.comment-link {margin-left:.6em;}

The Joys of Art

Monday, November 25, 2002

WHISTLING DIXIE...."Oh I wish I was in the Land of Cotton..." We all know how the song goes...I should have made a post to my blog concerning this matter two Fridays ago but like I always say "When you have to put something into words you also have to relive it." Damn I was trying to get my Friday "on"---not trying to relive how the simple whistling of a Song that is synonymous with the "Old South" can make you feel so degraded...I was alone with a former co-worker* (because I no longer work at that job) and while we were trying to figure out why my password to be logged on to an account wouldn't work, he started whistling the tune to the song Dixie...I am sure some of you would say that it was a slip of the "lips"...LOL..."Slip of the Lips.." LOL...Likewise, I am sure there are some people that insist that we are being too politically correct nowadays and would not hesitate to say that he was just whistling a perfectly legitimate song, afterall, the song "Dixie" is not banned from being sung in this country and besides rap music tends to degrade minority women more, right? In the land of "equal opportunity" I can't possibly think of a song that Black people can sing that would in an instant make White people possibly feel inferior to them...No..."Baby got Back" doesn't count...Since we all have innate insticts that in certain situations make us aware that something is not right and since each of us has a right to interpret situations as we believe them to be (ie, our innate instincts), I believe that for that brief moment that the hairs on my back should have stood at "attention". After all, If he didn't think the song would have offended me, he wouldn't have stopped whistling "Dixie"...Would've he?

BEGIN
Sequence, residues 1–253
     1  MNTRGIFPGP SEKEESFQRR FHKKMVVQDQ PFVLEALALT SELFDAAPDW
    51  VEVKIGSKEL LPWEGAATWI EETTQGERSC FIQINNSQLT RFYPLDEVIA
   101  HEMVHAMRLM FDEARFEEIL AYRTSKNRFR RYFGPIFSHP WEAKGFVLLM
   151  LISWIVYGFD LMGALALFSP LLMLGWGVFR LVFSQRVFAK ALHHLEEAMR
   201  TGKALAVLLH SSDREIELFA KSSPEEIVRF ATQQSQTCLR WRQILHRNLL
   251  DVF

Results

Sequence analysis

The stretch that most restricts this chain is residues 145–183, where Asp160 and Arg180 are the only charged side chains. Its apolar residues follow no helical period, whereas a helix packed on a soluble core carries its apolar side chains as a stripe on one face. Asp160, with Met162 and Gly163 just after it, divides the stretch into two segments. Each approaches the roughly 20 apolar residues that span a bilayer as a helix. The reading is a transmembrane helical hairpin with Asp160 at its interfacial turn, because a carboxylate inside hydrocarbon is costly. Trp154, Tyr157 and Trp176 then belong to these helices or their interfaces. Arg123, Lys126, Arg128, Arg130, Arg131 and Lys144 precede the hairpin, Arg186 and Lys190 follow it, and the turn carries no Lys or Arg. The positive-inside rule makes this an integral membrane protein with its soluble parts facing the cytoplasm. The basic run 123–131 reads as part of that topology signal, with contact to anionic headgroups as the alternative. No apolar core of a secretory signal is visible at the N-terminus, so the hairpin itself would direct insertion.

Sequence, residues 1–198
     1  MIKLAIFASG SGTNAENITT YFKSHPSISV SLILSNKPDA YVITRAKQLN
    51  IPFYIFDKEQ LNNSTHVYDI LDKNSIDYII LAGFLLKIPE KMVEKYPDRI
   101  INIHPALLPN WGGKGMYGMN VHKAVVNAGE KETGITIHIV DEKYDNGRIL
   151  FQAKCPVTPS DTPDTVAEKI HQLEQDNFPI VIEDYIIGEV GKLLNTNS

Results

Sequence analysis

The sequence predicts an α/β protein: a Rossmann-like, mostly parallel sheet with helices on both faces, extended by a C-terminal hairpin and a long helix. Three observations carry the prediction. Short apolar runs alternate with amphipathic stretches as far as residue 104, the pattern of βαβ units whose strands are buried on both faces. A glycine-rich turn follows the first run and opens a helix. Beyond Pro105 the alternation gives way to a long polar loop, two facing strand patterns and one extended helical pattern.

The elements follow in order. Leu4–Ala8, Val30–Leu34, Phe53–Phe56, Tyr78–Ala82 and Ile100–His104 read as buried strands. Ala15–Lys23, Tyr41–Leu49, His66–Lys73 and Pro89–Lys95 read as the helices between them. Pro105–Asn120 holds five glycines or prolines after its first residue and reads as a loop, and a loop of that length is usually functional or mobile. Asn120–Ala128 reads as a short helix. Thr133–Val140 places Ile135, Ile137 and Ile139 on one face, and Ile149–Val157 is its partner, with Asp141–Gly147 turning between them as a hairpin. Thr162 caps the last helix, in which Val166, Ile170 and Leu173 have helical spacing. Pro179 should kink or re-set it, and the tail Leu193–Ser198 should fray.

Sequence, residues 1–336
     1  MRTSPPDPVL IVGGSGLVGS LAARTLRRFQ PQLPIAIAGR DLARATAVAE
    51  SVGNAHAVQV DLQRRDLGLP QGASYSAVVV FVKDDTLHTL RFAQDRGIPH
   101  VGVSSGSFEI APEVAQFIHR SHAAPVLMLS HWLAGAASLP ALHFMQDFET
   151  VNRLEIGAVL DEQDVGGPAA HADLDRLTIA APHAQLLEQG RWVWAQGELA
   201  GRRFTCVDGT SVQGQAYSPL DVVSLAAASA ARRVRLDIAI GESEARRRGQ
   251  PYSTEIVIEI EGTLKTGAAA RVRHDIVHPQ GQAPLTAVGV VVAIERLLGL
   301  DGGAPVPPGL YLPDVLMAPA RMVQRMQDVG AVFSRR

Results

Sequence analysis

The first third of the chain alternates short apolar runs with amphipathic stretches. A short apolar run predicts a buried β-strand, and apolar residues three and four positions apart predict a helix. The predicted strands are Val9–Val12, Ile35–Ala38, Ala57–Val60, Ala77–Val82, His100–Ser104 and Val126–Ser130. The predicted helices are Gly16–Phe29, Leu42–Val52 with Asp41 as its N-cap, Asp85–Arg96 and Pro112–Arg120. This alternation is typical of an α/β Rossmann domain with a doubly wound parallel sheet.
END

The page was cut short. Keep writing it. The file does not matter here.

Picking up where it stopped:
* For the sake of setting the record straight the former co-worker was White Hispanic and not your average "Trent Lott"(12-13-02)....

Friday, November 22, 2002

They say that hens do cackle loudest when
There's nothing vital in the eggs they've laid;
And there are hens, professing to have made
A study of mankind, who say that men
Whose business 'tis to drive the tongue or pen
Make the most clamorous fanfaronade
O'er their most worthless work; and I'm afraid
They're not entirely different from the hen.
Lo! the drum-major in his coat of gold,
His blazing breeches and high-towering cap --
Imperiously pompous, grandly bold,
Grim, resolute, an awe-inspiring chap!
Who'd think this gorgeous creature's only virtue
Is that in battle he will never hurt you?

Hannibal Hunsiker